Also posting on Facebook was Derek Downham: "This news of Marc Roy is breaking my heart. Easily one of the most talented players I’ve ever met. A sweet man who deserved to live much longer. I’m blessed to have watched him grow up playing. Truly a phenom amongst the phenomenal in Toronto’s potent bluegrass scene. Musically he was a flatpicking hero, a dynamo of dynamics and a non-stop conduit of taste. May he be remembered more for these things than anything else. Rest, Marc."


A GoFundMe campaign has been set up to help with Roy's funeral costs and a Celebration of Life that will be held in Toronto in the upcoming weeks. Contributions are accepted here.

Sources: Facebook, SNBC13, Melissa Sherman, Bluegrass Today

Randy Meisner, an American singer and co-founding member of the Eagles, died on July 26 in Los Angeles due to complications from chronic obstructive pulmonary disease (COPD) at age 77. The news was shared by the band on their website. 

Meisner, along with Glenn Frey, Don Henley, and Bernie Leadon, formed the Eagles in 1971. He played bass and sang on several of the rock band’s most beloved albums. He co-wrote the band’s hit song Take It to the Limit, which he also sang.

Prior to his success with the Eagles, Meisner was a bassist for Poco, with former Buffalo Springfield members Richie Furay and Jim Messina, and was a vocalist for Rick Nelson’s Stone Canyon Band. 

Meisner left The Eagles in 1977, and the band replaced him with the same musician who had succeeded him in Poco, Timothy B. Schmit. He went on to release a few solo albums including his self-titled set in 1978 and 1980’s One More Song. Meisner was excluded from the Eagles’ reunion tour in 1994 but appeared beside the band for a 1998 appearance at the New York City induction ceremony for the Rock and Roll Hall of Fame. He was also invited by the Eagles to take part in their “History of the Eagles” world tour in 2013 but was unable to join them due to his ongoing health issues.


Read more here and here and here

Paul Reubens, a comedian and actor best known as Pee-wee Herman, died on July 30 at the age of 70. The news was announced via the official Pee-wee Herman Facebook page, which disclosed that Reubens “bravely and privately” suffered from cancer for half a dozen years.

Born Paul Rubenfeld in Peekskill, N.Y., Reubens was best known as Pee-wee Herman, a naive character he first concocted while part of the Groundlings in the late 1970s. The character eventually morphed into his recognizable form, with a childlike voice made for imitating, gray suit, pale face, red bow tie, and white sneakers.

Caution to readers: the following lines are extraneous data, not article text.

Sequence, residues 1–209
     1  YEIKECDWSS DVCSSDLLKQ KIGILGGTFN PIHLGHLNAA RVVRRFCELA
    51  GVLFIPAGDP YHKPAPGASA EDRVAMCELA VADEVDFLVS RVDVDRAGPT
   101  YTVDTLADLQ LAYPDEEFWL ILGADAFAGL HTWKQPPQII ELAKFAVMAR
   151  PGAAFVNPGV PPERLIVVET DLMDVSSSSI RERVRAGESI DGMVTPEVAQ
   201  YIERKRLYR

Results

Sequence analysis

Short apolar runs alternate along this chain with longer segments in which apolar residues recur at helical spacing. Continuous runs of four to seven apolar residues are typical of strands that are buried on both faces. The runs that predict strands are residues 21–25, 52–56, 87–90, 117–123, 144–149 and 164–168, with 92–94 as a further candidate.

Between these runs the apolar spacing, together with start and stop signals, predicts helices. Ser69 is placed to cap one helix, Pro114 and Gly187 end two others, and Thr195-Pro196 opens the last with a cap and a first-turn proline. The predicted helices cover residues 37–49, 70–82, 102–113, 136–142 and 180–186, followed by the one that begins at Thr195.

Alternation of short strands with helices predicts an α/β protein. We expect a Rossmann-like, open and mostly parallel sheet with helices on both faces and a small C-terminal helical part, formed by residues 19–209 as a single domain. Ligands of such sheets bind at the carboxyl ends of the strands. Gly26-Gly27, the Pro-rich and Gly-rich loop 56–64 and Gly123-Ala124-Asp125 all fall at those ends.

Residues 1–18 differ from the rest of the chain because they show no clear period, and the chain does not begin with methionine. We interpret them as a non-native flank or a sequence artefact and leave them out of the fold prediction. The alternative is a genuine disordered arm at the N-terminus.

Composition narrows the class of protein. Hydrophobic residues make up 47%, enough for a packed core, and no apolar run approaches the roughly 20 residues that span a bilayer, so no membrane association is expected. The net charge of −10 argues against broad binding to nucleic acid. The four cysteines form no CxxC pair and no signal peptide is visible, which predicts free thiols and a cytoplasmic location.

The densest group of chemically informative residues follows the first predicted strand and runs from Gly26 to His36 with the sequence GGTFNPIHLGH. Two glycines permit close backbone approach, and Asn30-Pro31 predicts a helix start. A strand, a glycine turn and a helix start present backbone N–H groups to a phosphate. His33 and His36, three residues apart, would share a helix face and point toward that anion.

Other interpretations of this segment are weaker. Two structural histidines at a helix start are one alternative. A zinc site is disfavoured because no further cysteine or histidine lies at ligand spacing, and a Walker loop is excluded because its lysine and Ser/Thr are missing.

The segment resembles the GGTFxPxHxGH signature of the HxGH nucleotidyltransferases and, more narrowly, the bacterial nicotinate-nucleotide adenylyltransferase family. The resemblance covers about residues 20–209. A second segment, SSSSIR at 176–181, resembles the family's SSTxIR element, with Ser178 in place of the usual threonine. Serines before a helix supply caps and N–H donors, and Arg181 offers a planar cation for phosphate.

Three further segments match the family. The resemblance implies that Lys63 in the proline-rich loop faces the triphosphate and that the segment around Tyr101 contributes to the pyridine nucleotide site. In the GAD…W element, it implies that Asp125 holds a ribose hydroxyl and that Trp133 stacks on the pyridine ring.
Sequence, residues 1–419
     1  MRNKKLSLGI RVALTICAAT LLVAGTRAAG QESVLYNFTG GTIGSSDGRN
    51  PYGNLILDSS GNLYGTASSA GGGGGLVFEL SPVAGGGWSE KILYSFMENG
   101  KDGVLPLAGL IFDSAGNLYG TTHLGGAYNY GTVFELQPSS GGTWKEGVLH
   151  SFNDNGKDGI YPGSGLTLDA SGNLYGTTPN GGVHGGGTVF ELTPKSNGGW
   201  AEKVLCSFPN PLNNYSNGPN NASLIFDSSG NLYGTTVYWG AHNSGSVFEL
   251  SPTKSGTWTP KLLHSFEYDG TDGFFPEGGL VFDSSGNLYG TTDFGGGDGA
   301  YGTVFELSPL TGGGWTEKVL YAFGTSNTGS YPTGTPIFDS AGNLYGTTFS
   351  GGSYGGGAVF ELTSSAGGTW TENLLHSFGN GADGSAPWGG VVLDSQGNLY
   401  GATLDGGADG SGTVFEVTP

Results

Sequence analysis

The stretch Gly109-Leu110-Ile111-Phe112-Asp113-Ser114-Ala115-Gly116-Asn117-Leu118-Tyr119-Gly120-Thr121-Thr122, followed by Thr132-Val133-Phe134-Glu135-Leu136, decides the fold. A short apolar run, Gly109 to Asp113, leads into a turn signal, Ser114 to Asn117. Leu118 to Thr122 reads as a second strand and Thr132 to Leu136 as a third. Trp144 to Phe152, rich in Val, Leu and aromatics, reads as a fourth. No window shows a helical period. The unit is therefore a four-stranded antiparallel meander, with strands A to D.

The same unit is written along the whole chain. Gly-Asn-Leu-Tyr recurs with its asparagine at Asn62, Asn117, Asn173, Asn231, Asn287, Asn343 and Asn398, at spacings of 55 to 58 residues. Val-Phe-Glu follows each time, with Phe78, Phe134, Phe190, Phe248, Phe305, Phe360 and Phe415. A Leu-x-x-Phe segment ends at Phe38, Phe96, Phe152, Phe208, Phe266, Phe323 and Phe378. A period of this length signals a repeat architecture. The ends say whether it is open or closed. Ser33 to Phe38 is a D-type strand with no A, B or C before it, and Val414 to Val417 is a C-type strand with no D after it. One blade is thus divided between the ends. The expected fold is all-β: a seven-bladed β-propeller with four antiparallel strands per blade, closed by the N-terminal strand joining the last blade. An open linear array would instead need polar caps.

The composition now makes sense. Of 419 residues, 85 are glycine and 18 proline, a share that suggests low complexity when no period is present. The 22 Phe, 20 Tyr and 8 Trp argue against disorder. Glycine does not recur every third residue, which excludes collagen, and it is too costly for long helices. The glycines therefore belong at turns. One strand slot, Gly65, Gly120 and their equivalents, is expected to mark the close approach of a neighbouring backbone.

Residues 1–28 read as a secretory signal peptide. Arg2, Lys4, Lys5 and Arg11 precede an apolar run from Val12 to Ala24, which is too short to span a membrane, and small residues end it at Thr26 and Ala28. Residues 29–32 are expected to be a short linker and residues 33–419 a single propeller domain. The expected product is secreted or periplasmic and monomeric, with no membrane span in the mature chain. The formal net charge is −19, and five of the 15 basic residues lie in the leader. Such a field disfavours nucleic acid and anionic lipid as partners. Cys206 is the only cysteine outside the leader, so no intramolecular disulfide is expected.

Reubens’ special The Pee-wee Herman Show debuted on HBO in 1981 and was geared more towards adults than the children’s TV show Pee-wee’s Playhouse, which ran from 1986 to 1991. Tim Burton made his directorial debut with Pee-wee’s Big Adventure in 1985. Reubens wrote and naturally starred in the vehicle, which grossed over $40M in North America. 

The Pee-wee character returned in the 2016 film Pee-wee’s Big Holiday. Outside of Pee-wee, Reubens popped up in numerous TV and film comedies including The Blues Brothers, Murphy Brown, Pushing Daisies, Buffy the Vampire Slayer, Matilda, and Reno 911!., plus such other features and series as Blow, Tron: Uprising, and Mosaic, to name a few.    

Read more in PasteRolling Stone

Biff (Paul Conrad) Rose, an American comedian and singer-songwriter, died on July 25 at age 85. The news was confirmed by a post on his official Facebook page.

Rose first found popularity in the Greenwich Village folk scene of the early '60s. He moved to Hollywood in 1966 where he found a job working as a comedy sketch writer with George Carlin on the John Davidson show. In 1968, Rose released his first album The Thorn in Mrs. Rose's Side, containing his best-known composition, Fill Your Heart, co-written with Paul Williams and famously covered by both David Bowie on his album Hunky Dory and Tiny Tim on the B-side of his hit single Tip Toe Thru The Tulips.

Rose made 10 appearances on Johnny Carson's Tonight Show from 1968 to 1970. He also performed on The Smothers Brothers Comedy Hour, American Bandstand, and Hugh Hefner's Playboy After Dark. He emceed the Atlantic City Pop Festival of 1969 and the Atlanta Pop Festival of 1970. Subsequent albums included 1978's Roast Beef ( produced by Monkee Mike Nesmith) and Bone Again (1996).

.He co-founded the Mythological Records label and recorded prolifically. There are over 30 albums spanning his entire career available via In recent years, his inflammatory and purportedly racist social media posts created controversy.

Sources: Wikipedia, Facebook